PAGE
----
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Study Guides > Finite Math

Reading: Mathematical Modeling Exercise (incomplete content)

Many business contexts can be modeled with quadratic functions. This is because the expressions representing the price (price per item), the cost (cost per item), and the quantity (number of items sold) are typically linear. The product of any two of those linear expressions will produce a quadratic expression that can be used as a model for the business context. The variables used in business applications are not as traditionally accepted as variables that are used in physics applications, but there are some obvious reasons to use for cost, for price, and for quantity (all lowercase letters). For total production cost, we often use for the variable, for total revenue, and for total profit (all uppercase letters). You have seen these formulas in previous lessons, but we will review them here since we use them in the next two lessons. Business Application Vocabulary Unit Price (Price per Unit): The price per item a business sets to sell its product, sometimes represented as a linear expression. Quantity: The number of items sold, sometimes represented as a linear expression. Revenue: The total income based on sales (but without considering the cost of doing business). Unit Cost (Cost per Unit) or Production Cost: The cost of producing one item, sometimes represented as a linear expression. Profit: The amount of money a business makes on the sale of its product. Profit is determined by taking the total revenue (the quantity sold multiplied by the price per unit) and subtracting the total cost to produce the items (the quantity sold multiplied by the production cost per unit): . The following business formulas will be used in this lesson:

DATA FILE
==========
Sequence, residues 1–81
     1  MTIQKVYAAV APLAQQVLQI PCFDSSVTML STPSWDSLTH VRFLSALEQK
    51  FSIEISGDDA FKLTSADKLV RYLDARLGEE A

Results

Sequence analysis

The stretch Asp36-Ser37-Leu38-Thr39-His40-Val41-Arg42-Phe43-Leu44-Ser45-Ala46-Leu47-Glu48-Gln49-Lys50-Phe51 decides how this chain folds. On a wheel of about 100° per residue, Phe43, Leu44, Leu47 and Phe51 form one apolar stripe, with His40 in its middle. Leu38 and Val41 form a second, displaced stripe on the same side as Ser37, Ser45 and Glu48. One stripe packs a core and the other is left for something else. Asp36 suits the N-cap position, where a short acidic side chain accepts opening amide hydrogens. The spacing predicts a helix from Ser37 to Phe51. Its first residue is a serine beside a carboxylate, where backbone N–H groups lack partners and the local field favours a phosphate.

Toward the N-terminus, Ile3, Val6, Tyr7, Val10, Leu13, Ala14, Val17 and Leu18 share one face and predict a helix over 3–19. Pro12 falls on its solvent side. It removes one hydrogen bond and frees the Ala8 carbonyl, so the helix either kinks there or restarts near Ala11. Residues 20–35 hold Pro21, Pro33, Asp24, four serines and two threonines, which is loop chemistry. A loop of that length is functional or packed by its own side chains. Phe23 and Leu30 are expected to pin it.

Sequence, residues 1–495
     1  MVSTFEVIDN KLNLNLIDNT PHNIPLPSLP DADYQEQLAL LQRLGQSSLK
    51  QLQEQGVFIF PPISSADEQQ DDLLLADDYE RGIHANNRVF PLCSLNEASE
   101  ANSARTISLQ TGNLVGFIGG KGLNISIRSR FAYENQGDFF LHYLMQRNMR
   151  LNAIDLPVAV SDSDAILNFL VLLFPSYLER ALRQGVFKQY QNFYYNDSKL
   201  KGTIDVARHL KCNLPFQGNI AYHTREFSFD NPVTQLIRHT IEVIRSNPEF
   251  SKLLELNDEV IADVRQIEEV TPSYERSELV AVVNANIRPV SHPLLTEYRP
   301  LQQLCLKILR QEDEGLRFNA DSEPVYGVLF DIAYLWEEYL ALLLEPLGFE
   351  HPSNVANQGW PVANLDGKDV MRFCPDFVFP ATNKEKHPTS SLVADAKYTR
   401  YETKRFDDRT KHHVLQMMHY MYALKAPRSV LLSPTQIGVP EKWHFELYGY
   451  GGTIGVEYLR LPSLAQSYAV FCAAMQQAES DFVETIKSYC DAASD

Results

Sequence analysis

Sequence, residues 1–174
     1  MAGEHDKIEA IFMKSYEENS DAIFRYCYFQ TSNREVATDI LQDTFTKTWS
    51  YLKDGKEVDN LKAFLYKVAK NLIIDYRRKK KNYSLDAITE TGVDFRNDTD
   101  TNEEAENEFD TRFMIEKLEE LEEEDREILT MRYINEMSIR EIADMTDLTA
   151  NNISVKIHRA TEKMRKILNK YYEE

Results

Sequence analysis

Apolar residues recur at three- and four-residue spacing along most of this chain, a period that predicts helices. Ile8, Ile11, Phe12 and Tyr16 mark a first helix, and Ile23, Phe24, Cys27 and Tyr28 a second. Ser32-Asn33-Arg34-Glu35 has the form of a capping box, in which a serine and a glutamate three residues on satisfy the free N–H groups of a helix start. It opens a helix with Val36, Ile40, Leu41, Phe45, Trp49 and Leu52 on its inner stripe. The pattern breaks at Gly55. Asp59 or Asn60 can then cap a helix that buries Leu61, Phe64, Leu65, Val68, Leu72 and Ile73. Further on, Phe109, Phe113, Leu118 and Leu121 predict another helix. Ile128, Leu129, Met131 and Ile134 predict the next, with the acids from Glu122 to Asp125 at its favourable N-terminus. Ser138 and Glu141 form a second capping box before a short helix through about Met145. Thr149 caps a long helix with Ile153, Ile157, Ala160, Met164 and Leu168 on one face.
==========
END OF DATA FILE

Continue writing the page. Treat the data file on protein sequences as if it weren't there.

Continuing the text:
• Total Production Costs = (cost per unit)(quantity of items sold)
  • Total Revenue = (price per unit)(quantity of items sold)
  • Profit = Total Revenue - Total Production Costs
Now answer the questions related to the following business problem: A theater decided to sell special event tickets at per ticket to benefit a local charity. The theater can seat up to people, and the manager of the theater expects to be able to sell all seats for the event. To maximize the revenue for this event, a research company volunteered to do a survey to find out whether the price of the ticket could be increased without losing revenue. The results showed that for each increase in ticket price, fewer tickets would be sold.
  1. Let represent the number of $1.00 price-per-ticket increases. Write an expression to represent the expected price for each ticket.
  2. Use the survey results to write an expression representing the possible number of tickets sold.
  3. Using as the number of -ticket price increases and the expression representing price per ticket, write the function, , to represent the total revenue in terms of the number of -ticket price increases.